A tongue can accuse and carry bad news
Gossip is cheap and it's low
So unless you've made no mistakes in your life
Just be careful of the stones that you throw
This is the last post of 2008. It's been a year of tremendous highs and lows for me personally and for the world. Inasmuch as contemplating our navels - and our vices - is standard procedure on this day, I thought I'd end on a New Year's note of self-improvement, with lyrics that we would all do well to take to heart.
Mavis Staples was on Wait Wait Don't Tell Me a few weeks ago and there was some hilarious discussion about an aspect of her life about which I knew nothing - her former romance with Bob Dylan, who was such an admirer of hers that he once spontaneously asked Pops Staples for her hand in marriage. (He was told to ask Mavis directly, she said, and she declined, a decision she didn't sound entirely sure was the right one!)
The interview reminded me of a 1964 song of theirs, Be Careful of the Stones That You Throw, that I discovered only through Bob himself just this year, on his Theme Time Radio Hour. As it happens, it's also a song Dylan performed with members of The Band in 1967, and it appears on his Genuine Basement Tapes, Volume 1.
In any case, before the Staple Singers went mainstream as recording artists for Stax during the tumultuous civil rights movement in which they were fixtures, Pops (aka Roebuck) Staples and his children Cleotha, Mavis, Purvis and Yvonne made less secular roots records like the thrilling call-and-response version of this old standard, accompanied only by Pops' guitar. The use of a guitar when they performed at church services, as they often did, was groundbreaking, and in some circles thought to be inappropriate. But it was a signature element of the Staples sound, and eventually the objections were overcome.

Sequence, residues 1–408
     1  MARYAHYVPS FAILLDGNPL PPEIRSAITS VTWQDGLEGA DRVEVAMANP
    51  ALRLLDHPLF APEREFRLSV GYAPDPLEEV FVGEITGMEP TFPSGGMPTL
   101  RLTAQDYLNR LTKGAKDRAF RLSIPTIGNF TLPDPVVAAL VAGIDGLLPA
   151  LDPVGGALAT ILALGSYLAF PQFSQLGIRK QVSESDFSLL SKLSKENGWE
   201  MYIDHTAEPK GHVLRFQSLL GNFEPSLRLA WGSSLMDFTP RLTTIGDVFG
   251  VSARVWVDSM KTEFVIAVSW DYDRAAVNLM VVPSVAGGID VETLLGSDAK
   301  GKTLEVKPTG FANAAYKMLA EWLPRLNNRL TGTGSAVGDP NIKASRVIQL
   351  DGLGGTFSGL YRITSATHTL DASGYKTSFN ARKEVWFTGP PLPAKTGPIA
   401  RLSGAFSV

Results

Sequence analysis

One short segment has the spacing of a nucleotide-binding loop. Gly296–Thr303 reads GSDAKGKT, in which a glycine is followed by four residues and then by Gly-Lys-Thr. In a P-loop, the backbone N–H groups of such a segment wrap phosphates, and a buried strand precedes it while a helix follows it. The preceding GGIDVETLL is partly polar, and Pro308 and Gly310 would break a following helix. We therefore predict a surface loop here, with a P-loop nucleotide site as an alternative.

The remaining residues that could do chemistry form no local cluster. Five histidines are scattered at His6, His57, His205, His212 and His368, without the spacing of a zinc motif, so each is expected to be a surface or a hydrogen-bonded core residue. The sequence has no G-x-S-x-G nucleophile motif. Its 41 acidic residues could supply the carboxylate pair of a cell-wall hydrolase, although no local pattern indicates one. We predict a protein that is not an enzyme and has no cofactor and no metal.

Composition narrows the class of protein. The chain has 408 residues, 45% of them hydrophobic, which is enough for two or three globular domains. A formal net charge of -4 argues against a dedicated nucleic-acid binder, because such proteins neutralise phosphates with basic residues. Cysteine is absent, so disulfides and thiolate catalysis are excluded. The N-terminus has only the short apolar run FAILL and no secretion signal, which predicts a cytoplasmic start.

Be Careful was written by a songwriter and steel guitar player named Bonnie Dodd. Originally recorded in 1949 by Little Jimmy Dickens, it got a good bit more attention when Hank Williams, Sr., performing in his gospel mode as "Luke the Drifter, " recorded it in 1952.
In the hands of the Staples family, it became another animal altogether. Music so drenched in the Mississippi delta from which Pops Staples came, like this and Why Am I Treated So Bad, wasn't very likely to get radio play back in those days. More typical was the likes of Respect Yourself, reflective of the ethos of self- and group-empowerment that exploded during the 60s, and which was likely better suited to crossing over from the R&B charts to the pop.
Hats off to Dylan and all of the zillions of music lovers who share their treasures on YouTube and make it possible to discover inspiring music that would otherwise remain in the history vaults. Pops once told an interviewer for Guitar Player magazine that his main objective musically was to "to sing a song that says together we stand and divided we fall." Let's hope that those words are somehow reflected in the events that we contemplate this time next year.